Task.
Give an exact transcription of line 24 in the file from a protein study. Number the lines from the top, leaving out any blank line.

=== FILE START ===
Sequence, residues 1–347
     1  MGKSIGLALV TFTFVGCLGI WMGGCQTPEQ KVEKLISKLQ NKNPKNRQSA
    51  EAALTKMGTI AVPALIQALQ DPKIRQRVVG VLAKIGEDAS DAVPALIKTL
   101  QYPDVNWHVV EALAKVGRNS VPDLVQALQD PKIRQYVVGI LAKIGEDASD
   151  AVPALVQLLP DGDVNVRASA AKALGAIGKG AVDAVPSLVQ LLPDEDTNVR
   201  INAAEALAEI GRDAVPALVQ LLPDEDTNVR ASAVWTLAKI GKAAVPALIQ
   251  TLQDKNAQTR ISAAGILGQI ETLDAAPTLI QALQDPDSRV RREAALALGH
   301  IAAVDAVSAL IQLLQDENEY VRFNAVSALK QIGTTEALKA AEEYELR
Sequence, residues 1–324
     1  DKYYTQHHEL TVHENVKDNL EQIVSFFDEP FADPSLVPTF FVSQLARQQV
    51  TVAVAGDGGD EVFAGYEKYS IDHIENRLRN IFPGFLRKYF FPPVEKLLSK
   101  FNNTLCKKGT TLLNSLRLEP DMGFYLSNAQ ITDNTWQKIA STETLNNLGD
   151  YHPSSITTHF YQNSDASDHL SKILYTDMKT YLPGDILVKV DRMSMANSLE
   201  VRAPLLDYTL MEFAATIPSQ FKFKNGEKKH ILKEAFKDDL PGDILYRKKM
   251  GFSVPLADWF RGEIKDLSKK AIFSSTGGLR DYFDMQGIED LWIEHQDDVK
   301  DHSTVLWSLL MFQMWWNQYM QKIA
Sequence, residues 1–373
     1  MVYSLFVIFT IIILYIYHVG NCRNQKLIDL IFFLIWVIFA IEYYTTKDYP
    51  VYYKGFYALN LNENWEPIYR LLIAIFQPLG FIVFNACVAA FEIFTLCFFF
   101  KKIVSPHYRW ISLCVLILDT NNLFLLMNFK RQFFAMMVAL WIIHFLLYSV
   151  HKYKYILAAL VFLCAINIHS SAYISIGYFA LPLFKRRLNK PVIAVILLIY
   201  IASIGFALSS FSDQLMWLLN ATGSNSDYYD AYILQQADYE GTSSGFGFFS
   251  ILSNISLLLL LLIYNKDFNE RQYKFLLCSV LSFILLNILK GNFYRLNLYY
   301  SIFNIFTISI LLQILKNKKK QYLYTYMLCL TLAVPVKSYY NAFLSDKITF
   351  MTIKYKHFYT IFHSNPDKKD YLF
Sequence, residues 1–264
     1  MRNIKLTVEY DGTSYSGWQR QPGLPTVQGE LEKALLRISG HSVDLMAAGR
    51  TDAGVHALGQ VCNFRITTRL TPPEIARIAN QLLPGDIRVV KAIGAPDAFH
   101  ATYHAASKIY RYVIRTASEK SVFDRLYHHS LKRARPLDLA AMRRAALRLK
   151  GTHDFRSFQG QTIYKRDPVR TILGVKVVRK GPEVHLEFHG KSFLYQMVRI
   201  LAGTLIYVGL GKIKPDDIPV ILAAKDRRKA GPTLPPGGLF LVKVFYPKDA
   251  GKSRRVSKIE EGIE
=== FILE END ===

   301  SIFNIFTISI LLQILKNKKK QYLYTYMLCL TLAVPVKSYY NAFLSDKITF